Political Ideas and Values

Episode 1 | June 28, 2006

Here’s the first podcast in the new series. The first part of a fascinating interview with Dan of TDAXP.

Pilot Episode : dan tdaxp (part 1)

Note : You can use comments here on this blog-post to talk about anything Dan (or I) am saying.

If you want to check out dan’s site, it’s www.tdaxp.com. I was particularly intrigued by him when I first came across his political simulation project.

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Posted in piavp

5 Comments »

  1. Pingback by Anonymous — June 28, 2006 @ 6:06 pm

  2. Hi Phil,

    a few off the cuff thoughts after a listen to the first podcast:

    1. on ‘efficient’ or ‘successful’ ‘cultures’, occurred to me there are two big concerns that need to be brought into any such evolutionary model: the timescale for evaluating ‘success’; randomness.

    eg. the Lakota example (I know as little as you about the history) – if you were evaluating the success of the ‘Lakota culture’ with a cut-off just before the European invasion, it seems it would be the model of a culture successfully adapting away from agricultural to great plains conditions. The culture is seen as a failure because of the timescale chosen.

    And because of an unanticipated ‘exogenous’ shock (for the Sioux), the arrival of the Europeans. Was the culture a ‘failure’ because it wasn’t suited to the new environment, or should we just say ‘unlucky’?

    Eg. imaginary scenario, another kind of exogenous shock to the US-Lakota system: a nuclear strike or biological warfare destroys US urban civilisation, decimates the population and we have a post-apocalyptic environment something like the great plains of old. On this new timescale, maybe the Lakota culture is ready to step into the breach.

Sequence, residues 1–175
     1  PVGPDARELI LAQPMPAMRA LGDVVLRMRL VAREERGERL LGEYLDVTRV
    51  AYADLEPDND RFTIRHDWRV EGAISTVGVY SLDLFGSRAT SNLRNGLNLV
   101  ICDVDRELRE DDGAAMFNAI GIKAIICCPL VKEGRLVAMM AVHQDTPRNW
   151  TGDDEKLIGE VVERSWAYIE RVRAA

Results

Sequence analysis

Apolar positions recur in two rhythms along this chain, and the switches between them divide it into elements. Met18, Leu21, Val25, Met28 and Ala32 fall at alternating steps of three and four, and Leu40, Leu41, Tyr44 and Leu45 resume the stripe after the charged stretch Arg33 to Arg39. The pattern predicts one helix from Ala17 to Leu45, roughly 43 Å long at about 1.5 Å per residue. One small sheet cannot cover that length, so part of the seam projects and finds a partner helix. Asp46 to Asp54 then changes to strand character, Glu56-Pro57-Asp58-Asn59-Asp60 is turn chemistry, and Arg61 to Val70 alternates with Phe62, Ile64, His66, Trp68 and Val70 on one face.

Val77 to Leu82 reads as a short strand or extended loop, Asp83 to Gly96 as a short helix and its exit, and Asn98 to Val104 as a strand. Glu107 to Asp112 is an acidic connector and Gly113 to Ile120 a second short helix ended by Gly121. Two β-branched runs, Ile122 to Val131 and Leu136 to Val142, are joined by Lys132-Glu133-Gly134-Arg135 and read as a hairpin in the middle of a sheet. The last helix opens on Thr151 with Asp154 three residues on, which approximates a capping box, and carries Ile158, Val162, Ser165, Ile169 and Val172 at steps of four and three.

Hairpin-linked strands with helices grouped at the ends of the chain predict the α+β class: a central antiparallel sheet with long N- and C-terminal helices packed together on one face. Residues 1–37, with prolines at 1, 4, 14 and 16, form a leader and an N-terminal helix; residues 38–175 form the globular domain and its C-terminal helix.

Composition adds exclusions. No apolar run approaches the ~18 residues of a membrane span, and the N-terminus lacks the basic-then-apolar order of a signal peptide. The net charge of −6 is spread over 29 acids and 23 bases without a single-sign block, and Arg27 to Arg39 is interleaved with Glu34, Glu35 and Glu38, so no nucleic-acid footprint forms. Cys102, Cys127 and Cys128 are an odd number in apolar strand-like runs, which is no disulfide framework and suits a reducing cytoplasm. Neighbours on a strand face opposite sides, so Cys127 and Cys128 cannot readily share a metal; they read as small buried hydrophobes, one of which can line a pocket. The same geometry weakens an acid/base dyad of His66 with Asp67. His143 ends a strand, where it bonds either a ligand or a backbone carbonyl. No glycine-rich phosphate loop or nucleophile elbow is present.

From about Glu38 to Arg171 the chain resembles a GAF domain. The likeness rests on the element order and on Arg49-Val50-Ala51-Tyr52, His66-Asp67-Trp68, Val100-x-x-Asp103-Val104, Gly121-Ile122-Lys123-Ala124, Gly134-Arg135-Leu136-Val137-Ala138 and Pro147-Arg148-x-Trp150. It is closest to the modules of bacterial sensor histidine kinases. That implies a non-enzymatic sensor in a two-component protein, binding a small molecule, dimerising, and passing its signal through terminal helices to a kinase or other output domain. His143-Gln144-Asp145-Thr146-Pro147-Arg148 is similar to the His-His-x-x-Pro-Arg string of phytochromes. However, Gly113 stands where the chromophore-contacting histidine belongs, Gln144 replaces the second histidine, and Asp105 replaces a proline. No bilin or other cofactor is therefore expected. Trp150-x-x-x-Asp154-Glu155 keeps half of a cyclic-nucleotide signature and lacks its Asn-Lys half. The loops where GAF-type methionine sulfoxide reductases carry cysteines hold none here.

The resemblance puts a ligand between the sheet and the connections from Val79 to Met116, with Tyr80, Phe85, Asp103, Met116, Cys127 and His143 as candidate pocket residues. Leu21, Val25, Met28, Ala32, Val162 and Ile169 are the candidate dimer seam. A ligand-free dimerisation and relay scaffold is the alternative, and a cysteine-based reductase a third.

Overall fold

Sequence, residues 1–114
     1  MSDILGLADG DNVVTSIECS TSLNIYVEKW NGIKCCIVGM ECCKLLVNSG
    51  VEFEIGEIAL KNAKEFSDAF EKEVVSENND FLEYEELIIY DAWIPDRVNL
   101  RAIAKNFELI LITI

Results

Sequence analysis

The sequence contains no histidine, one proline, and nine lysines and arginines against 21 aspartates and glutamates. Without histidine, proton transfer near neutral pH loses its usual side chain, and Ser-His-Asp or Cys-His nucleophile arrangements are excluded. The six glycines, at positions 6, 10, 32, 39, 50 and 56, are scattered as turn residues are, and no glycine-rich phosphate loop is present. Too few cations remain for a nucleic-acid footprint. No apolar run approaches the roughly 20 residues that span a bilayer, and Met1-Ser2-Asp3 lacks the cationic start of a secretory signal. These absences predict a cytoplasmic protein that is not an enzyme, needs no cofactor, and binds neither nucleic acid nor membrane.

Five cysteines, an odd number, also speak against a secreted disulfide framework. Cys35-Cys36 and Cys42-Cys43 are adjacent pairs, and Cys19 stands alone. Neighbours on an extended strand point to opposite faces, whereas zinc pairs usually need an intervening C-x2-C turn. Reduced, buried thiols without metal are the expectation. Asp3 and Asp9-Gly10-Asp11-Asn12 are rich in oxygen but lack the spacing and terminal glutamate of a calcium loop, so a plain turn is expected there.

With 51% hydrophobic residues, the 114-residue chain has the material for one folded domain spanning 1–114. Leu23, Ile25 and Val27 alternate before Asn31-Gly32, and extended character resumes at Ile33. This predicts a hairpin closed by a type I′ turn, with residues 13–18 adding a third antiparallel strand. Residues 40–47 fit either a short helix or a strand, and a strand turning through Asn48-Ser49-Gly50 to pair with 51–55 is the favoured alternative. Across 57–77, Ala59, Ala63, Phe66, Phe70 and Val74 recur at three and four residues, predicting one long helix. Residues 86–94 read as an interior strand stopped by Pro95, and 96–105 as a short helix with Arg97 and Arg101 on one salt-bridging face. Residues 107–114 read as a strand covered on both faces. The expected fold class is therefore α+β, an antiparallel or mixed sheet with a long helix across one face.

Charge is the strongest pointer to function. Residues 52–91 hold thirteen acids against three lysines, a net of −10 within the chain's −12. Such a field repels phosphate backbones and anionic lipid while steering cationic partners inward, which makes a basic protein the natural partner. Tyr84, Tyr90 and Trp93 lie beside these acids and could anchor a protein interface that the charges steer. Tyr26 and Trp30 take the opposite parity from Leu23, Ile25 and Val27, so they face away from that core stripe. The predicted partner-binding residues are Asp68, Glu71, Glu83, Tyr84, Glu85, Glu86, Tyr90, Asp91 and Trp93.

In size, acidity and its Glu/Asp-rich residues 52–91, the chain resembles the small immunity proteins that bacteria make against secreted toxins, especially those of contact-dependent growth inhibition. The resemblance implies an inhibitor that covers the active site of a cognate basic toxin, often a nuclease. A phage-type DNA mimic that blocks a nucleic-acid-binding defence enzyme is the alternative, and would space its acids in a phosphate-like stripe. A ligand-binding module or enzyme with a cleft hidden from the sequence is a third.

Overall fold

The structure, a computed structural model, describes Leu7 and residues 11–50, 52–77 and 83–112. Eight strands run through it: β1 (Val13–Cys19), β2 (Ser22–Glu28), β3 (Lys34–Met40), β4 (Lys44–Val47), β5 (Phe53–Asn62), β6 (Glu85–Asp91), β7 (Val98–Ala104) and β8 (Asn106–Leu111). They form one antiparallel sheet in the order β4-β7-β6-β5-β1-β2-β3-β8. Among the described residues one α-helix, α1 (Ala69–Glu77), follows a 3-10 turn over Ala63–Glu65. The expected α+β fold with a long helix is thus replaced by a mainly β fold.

2. I suppose a counter is to change the scale of analysis of a culture and pan out to the Sioux (Lakota + Dakota): the argument being that diversity of strategies within a culture makes survival/success more likely to withstand a range of random shocks. But here a) you have to be careful about playing fast and loose with your ‘cultures’, redefining the scale to suit your argument; b) I’m sure there are counter-examples anyway. Eg. what about the classic story of the success of the chinese ‘culture’/’nation’ as unified and centralised by imperial power? Diversity isn’t always strength.

    3. interesting, for a Catholic thinker, all this focus on success and stepping away from the moral questions. (Or maybe we get to moral assessments of cultures in part 2). For me ‘survival’ is an important part of thinking about political projects (it falls under the heading of ‘feasibility’, which we’ve discussed before – little point advocating a political project that is bound to fail) but can’t be all of it. Even if you could prove to me that eg. US or Chinese imperialist cultures were the strongest, most likely to succeed, I’d still be against them.

    Comment by darius — June 29, 2006 @ 8:18 am

  3. Wow,

    Cool feedback already. Podcasts rock!

    Darius,

    Lakota culture as we know it was an adaption to the settlement of the continent.